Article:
In the 20th century, when you thought of money you mostly thought in terms of coins, bills, and credit cards. In the 21st century, it's more of the same, but with an interesting caveat; coins no longer just mean physical money. There are things called cryptocurrencies now — usually referred to as digital coins — and they are taking the financial world by storm.
But how usable are these coins? We know that paper bills and credit cards have real and practical uses. We know that they are legal tender, and they are indispensable in real life. What about cryptocurrencies? We know that they are truly international and aren't controlled by any state. We know that they are regulated by the people and not a central bank. But can they be used in the same way that credit cards, bills, and regular physical coins are used? And if not, what use, exactly, are they?
The answer to this question is yes. Cryptocurrencies aren't just a neat computer trick (like some financial analysts called them when the white paper for the first Cryptocurrency was released). They have real-world uses. However, these uses are cryptocurrency-specific. Some cryptocurrencies were created to solve a particular problem, while others, like Bitcoin, were not necessarily created for everyday use, but were made to store value. Either way, many big companies are beginning to accept cryptocurrencies of all styles to capitalize on the new wave of financial technology.
Here are some of the coins with more practical day-to-day uses.
Most cryptocurrencies avoid banks like the plague, but not Ripple. It could be said that the currency was made for banks. If banks were to embrace ripple, it would allow them to move huge amounts of money around the world in a split second. While traditional banking options require banks to go through several intermediaries when sending money, Ripple’s allows them to do it directly and faster.
So if a customer in London, for example, wanted to pay someone in Sydney some money, the Ripple network would inquire about the transaction fees of both banks and then make the transaction within minutes— that's faster than anything any bank can do right now.
Dash was created as a replacement for PayPal, as it was created for people to shop with cryptocurrencies easier. It's also a lot faster than bitcoin, which means that you don't have to wait for hours before the transaction is approved. Dash can be bought with fiat currency like all other cryptocurrencies and can be kept in a wallet until you want to use it.
When people talk about bitcoin being safe and secure, they never talk about the elephant in the room; Bitcoin is not anonymous. Everything about Bitcoin— every transaction, and every single coin, is available for everyone to browse through on the blockchain. This makes the coin non-fungible.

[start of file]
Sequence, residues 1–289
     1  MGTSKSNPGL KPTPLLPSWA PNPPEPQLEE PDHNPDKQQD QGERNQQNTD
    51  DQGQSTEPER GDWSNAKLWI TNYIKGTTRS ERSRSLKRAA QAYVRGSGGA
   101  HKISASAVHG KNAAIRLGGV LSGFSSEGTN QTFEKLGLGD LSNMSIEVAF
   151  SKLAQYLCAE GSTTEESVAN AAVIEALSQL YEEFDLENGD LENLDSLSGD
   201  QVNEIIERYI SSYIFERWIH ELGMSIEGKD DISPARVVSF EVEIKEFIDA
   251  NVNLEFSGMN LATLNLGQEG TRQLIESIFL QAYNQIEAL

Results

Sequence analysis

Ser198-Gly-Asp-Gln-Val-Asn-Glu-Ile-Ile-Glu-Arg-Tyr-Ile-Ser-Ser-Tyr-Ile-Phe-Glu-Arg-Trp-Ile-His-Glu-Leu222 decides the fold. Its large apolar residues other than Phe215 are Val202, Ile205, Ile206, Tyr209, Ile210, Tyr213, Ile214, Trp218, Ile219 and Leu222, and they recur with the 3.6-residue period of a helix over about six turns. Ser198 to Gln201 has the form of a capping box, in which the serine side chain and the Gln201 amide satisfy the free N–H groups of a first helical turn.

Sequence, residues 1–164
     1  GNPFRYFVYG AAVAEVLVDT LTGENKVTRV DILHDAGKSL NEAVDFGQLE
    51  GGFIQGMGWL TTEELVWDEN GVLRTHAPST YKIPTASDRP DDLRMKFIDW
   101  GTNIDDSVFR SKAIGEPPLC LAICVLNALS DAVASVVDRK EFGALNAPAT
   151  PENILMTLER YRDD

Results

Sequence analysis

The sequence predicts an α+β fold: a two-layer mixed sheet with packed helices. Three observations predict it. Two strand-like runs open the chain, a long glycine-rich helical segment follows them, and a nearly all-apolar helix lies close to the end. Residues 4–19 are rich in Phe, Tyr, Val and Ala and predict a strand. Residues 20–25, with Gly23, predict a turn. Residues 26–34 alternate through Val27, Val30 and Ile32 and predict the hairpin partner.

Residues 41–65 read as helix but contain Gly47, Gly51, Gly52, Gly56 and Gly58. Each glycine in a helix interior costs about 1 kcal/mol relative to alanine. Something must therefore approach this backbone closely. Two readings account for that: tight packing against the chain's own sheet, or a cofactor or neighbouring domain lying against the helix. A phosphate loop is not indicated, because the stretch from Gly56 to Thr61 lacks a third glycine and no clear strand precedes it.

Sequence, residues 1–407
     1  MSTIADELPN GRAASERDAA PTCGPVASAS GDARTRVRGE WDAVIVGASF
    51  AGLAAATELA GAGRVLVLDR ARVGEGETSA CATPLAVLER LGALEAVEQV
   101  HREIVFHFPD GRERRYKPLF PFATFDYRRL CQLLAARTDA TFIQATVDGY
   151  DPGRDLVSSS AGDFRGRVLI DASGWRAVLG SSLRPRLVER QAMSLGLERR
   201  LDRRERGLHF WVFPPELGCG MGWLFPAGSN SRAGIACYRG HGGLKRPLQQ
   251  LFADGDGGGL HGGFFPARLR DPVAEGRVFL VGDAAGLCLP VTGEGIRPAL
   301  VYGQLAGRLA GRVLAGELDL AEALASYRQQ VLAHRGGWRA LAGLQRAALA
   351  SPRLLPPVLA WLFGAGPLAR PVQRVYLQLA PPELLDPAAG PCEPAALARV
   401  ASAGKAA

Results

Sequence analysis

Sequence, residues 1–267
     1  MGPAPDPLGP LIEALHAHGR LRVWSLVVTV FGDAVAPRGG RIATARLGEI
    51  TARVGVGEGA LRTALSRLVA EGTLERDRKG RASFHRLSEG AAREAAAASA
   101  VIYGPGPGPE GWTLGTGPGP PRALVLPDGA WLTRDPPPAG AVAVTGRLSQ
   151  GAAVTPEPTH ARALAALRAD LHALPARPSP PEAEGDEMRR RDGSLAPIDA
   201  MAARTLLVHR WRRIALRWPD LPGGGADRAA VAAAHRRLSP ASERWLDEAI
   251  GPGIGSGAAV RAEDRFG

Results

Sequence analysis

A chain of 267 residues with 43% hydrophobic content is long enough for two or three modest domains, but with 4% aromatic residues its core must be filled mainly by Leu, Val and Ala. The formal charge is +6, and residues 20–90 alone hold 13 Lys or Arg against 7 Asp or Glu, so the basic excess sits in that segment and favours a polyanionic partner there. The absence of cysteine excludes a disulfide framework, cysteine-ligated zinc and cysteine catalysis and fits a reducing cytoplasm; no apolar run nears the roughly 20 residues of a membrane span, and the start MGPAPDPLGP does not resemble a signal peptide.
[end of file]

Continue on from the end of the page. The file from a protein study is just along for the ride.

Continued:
This is exactly what Monero was created to solve in 2014. The coin is practically untraceable. While the technology isn't perfect yet, Monero has implemented several stealth features on its network that makes it near impossible to track. Of course, many think that coins like Monero are only for criminals, but the coin can also be useful to regular people who want to keep their finances a secret.
Bitcoin is the biggest cryptocurrency by market cap and was created to solve the problem of inflation. The main purpose of Bitcoin is to create a currency that could be a hedge against inflation, and could still avoid the issues of centralized banking by being decentralized. And over the last few years, Bitcoin has proven that it can be a great store of value, as the network has gained the confidence of more investors. Despite not having an everyday transaction use because of its very high transaction fees and slow transaction speed, Bitcoin is paving the way for almost every other cryptocurrency as a proof of concept that cryptocurrencies can be a viable transfer vehicle for peer-to-peer transactions as well as a valuable investment asset.
Ethereum is the second biggest cryptocurrency after Bitcoin and is the leader of the altcoin world (this is the name given to a range of cryptocurrencies that aren't bitcoin - “alternate coins”). Unlike other cryptocurrencies that try to compete with Bitcoin, Ethereum complements it.
Ethereum is an open-source platform that uses blockchain technology just like Bitcoin, however, the purpose is more towards creating and running decentralized digital applications, or "dapps". Its function is to allow two parties to make agreements and transactions without using a middle-man or escrow service.
If you’re already well-versed with how to buy Bitcoin, you might still be wondering how to obtain some of these alternative cryptocurrencies that have practical use-cases. There are many coins that can be purchased directly with fiat currency from cryptocurrency kiosks, while others may require you to exchange them with another cryptocurrency.
If you’re brand new to cryptocurrencies, the easiest route is usually to start with Bitcoin and Ethereum, as almost every other cryptocurrency can be purchased or exchanged with these two cryptocurrencies. From there, the world is your oyster as there are over 4,000 cryptocurrencies as of 2021, each with different use-cases and market appeals.